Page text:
Advertising and public relations. Reporters sometimes call these fields the “dark side” to their work, the necessary but often covetous edge to the altruism of print and broadcast journalism. Whether sly or showy, “huckster” and “flack” are too often the terms that comes to mind. They’re selling us something we don’t want. They write fluff. Their commercials are louder than the programming. Their business is making business look good.
But what if “it” is what we want? What’s if “it” is subtle, real and honest?
What if the process behind public relations and advertising is more psychological than we ever dreamed? What if the methods are as intriguing as the human mind itself?
After all, modern consumers have seen it all. It is self-defeating to underestimate them.
Nechie Hall, president and CEO of Public Relations Advertising Co. (PRACO), is the leader of a 50-member crew of funny, bright individuals whose métier is making their advertising and PR different. Included in PRACO’s clientele are the Colorado Tourism Office, Sky Sox Baseball and the T-REX (Transportation Expansion Project) in Denver.
For the third year, PRACO was recognized among the largest of women-owned businesses in Colorado. The company had $31.4 million in gross revenue in 2003, and was No. 1 in southern Colorado, according to a ranking in ColoradoBiz magazine’s May issue.
“I’m really proud that our company gets this kind of recognition,” Hall said. “But it’s our staff, not any particular ownership, that deserves it.”
When it rains
Owned and operated in Colorado Springs since April Fool’s Day 1970, Hall was armed with a bachelor’s degree in fine arts from the University of Colorado, and an idea to offer clients something new – advertising and PR in one stop.
It began in the family.
Hall and her husband, Jim, started PRACO. “We thought it would be fun to make a go of our own business,” she said. “It was great. It worked. We’re very grateful for our staff; we’ve always been lucky.” Her daughter, Meredith Vaughan, is vice president of account planning.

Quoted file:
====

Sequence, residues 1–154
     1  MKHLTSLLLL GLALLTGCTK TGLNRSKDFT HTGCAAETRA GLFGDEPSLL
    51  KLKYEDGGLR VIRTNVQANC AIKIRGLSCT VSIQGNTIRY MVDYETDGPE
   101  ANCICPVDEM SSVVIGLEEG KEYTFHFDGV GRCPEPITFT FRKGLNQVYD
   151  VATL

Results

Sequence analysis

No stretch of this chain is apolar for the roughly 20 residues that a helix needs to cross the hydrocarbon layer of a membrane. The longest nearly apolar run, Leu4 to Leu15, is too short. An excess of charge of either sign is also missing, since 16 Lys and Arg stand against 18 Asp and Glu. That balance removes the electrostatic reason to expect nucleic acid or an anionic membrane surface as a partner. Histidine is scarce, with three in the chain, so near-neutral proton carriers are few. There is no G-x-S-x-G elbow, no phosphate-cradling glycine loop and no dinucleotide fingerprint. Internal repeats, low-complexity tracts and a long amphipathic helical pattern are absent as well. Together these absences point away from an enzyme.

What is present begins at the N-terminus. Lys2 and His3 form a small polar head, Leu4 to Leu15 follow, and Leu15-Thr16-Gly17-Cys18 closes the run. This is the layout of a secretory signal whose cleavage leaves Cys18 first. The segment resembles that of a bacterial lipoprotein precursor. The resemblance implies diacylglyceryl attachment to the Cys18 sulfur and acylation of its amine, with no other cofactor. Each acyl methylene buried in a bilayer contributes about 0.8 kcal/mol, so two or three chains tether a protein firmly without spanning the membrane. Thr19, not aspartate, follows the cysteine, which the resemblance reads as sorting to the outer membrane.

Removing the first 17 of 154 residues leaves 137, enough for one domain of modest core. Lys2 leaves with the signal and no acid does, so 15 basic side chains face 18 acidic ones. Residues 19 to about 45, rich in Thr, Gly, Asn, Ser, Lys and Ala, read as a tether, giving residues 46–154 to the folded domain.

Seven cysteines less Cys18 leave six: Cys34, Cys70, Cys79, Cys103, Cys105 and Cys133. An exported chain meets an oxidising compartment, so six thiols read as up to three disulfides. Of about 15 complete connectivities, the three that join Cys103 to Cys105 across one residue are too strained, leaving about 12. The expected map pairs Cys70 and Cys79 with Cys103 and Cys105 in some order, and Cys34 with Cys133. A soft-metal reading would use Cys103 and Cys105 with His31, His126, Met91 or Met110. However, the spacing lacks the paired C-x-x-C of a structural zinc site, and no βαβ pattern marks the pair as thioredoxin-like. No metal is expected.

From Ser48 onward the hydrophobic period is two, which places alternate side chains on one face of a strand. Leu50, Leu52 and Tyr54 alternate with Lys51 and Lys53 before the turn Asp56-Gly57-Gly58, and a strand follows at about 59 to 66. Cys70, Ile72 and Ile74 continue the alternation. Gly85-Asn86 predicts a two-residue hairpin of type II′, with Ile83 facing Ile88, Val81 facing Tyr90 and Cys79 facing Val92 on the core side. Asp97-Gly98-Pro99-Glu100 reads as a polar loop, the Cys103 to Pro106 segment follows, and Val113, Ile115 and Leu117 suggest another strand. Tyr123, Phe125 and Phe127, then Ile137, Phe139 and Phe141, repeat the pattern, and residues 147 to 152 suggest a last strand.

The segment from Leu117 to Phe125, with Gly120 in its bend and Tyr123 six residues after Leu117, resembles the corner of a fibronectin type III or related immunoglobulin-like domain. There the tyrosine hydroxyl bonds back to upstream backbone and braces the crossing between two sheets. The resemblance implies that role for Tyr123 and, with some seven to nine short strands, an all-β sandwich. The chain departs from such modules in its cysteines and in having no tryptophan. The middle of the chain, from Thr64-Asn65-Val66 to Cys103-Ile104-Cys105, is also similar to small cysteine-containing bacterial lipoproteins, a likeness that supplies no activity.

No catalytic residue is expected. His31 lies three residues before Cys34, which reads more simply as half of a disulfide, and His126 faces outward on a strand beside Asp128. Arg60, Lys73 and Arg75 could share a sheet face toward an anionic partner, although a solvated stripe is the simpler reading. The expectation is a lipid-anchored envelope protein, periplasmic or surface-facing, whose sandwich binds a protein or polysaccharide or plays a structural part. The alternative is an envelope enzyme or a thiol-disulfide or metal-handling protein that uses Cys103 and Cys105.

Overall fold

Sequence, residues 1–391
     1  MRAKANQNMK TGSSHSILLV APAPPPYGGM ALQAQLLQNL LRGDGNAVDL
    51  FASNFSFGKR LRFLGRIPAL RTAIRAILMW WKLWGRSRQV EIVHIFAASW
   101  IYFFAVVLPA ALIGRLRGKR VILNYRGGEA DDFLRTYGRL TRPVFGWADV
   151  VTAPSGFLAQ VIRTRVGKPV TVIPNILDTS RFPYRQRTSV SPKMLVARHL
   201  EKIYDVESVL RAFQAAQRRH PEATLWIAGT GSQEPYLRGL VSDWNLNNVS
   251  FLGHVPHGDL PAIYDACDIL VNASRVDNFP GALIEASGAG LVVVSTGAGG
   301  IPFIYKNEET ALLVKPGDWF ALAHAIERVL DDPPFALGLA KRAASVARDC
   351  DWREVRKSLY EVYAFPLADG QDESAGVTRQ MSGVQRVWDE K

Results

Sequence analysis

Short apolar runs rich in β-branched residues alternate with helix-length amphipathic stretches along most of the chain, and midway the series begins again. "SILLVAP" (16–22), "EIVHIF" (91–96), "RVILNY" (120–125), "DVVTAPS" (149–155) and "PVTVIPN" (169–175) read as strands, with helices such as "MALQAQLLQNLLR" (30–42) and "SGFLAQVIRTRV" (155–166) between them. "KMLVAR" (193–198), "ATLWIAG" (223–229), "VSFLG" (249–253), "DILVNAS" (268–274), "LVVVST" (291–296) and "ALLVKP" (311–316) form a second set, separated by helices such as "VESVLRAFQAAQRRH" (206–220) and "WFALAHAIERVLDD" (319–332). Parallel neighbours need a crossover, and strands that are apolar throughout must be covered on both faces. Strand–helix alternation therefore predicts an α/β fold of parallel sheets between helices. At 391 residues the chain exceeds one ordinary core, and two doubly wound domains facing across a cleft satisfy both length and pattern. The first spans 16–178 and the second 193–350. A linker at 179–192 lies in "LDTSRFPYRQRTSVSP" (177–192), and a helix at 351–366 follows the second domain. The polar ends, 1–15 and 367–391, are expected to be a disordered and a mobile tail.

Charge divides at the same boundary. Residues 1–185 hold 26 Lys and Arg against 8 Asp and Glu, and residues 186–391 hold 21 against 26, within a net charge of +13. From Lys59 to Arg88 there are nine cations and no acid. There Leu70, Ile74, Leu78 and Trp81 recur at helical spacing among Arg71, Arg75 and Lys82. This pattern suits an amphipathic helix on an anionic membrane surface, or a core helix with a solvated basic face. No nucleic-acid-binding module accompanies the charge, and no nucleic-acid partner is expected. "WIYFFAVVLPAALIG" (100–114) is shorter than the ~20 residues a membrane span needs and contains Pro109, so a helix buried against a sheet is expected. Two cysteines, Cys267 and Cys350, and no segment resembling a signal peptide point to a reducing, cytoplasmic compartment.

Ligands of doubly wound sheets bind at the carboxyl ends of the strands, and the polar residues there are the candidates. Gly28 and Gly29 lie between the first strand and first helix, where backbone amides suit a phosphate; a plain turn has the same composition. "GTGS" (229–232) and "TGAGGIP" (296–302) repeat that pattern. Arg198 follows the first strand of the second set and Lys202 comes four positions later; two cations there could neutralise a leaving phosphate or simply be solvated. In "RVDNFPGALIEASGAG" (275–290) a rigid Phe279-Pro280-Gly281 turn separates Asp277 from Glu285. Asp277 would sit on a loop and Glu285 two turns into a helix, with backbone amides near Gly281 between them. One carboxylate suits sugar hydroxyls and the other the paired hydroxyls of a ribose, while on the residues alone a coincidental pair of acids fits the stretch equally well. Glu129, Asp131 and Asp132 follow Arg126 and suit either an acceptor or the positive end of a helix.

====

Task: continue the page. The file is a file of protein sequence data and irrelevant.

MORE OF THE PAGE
For every client, the process begins in account planning, the research function of the team. The team of three full-time staff members looks into a mélange of factors – a client’s product, a company’s history, the target audience, as well as lifestyle and societal forces that affect how, when and where a client’s message is sent, received and acted upon.
“They do a tremendous job of keeping us up on our clients, trends, consumer psychology, anticipated reaction,” said Hall, who was born in Walsenburg and raised in Craig. “The best advertising is based on sound strategy. You wouldn’t build a house without a set of plans.”
PRACO’s plans include extensive primary and secondary research. The PRACO team often begins with secondary research – organizing data that is already known and determining what data has yet to be uncovered – which is usually retrieved through other organizations and publications. Then the team moves on to primary research, which is information that is suited to the client’s needs and conducted from scratch.
“Everyone these days is bombarded with advertisements,” said George Olson, executive vice president and creative director of PRACO. “It’s hard to do something that has staying power. There has to be an emotional aspect to it, and account planning tends to bring out those characteristics that are fun and interesting.”
Account planning works to take dry statistics, research and data and synthesize it into a plan of attack, also called a “creative brief.” At that point, a client sees the document and signs off on it, to make sure that the finished project will indeed reflect what he or she wants.
“The creative brief is something meaningful, something we can look at. This is who we need to talk to, this is what we want to say, these are the channels we will use to say it,” Olson said. “It channels us in the right direction. Building an ark seems a waste of time if you don’t know it’s going to rain 40 days and 40 nights.”
The brainstorming session – or creative briefing – begins. Throwing ideas about. Ideas getting shot down. Running up against walls. A change of venue. Throwing darts. Whatever it takes, until someone shouts, “Eureka!”
On the joint accounts, the clients who require public relations and advertising results, the brainstorming sessions include PR and advertising staff.
“Sometimes the ad people will spark an idea, the PR people will take it and run,” said Lisa Bachman, vice president of public relations. “Put all those people in a room and the results are unbelievable.”